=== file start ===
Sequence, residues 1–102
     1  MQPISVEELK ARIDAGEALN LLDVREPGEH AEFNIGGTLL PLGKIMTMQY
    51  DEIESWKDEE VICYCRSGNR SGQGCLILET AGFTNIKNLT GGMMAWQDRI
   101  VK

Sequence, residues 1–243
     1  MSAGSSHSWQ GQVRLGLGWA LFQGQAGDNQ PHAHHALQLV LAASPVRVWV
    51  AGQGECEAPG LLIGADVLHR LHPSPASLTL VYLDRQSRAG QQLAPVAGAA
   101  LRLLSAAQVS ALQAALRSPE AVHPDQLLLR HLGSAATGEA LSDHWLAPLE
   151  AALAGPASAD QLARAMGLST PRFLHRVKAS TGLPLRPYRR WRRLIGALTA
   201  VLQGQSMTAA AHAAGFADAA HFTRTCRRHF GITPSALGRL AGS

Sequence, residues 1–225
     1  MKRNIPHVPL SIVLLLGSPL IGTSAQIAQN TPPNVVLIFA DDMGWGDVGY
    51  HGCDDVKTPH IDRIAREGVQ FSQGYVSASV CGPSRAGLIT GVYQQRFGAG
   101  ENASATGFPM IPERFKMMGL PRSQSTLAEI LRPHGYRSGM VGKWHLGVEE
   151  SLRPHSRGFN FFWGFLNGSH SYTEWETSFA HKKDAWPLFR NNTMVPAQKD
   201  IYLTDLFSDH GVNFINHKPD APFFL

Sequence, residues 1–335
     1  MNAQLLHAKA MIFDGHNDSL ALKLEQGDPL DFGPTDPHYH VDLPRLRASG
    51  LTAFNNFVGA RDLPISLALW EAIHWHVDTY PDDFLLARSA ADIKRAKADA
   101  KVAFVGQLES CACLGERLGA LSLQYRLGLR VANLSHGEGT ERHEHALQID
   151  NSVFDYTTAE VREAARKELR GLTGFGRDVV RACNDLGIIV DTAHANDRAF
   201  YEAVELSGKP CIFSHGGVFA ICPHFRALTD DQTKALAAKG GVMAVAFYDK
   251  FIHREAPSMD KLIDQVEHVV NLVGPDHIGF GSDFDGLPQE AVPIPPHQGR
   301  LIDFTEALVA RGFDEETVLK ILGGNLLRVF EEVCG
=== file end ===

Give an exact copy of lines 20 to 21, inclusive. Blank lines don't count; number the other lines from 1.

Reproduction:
   101  KVAFVGQLES CACLGERLGA LSLQYRLGLR VANLSHGEGT ERHEHALQID
   151  NSVFDYTTAE VREAARKELR GLTGFGRDVV RACNDLGIIV DTAHANDRAF